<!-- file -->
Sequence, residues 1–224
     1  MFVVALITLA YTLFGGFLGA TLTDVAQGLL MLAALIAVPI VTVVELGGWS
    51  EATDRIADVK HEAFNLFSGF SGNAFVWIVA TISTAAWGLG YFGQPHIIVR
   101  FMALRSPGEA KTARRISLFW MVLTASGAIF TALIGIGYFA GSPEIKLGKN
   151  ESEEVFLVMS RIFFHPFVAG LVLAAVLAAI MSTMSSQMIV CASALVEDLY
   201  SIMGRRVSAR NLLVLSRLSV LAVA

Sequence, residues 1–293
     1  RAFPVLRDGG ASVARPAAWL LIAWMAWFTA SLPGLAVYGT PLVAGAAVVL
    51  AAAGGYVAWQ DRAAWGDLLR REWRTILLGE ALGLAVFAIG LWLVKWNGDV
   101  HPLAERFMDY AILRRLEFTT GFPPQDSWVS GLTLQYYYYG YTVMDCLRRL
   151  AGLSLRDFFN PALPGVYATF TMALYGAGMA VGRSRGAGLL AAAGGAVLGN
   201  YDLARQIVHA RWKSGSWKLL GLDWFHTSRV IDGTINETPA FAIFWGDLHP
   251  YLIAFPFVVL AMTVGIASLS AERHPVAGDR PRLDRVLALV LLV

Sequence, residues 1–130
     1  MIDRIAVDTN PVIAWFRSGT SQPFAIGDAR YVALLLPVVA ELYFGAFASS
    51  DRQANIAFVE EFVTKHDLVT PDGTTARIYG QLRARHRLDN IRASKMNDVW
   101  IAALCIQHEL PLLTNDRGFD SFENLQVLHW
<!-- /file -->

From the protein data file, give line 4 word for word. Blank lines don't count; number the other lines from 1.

   101  FMALRSPGEA KTARRISLFW MVLTASGAIF TALIGIGYFA GSPEIKLGKN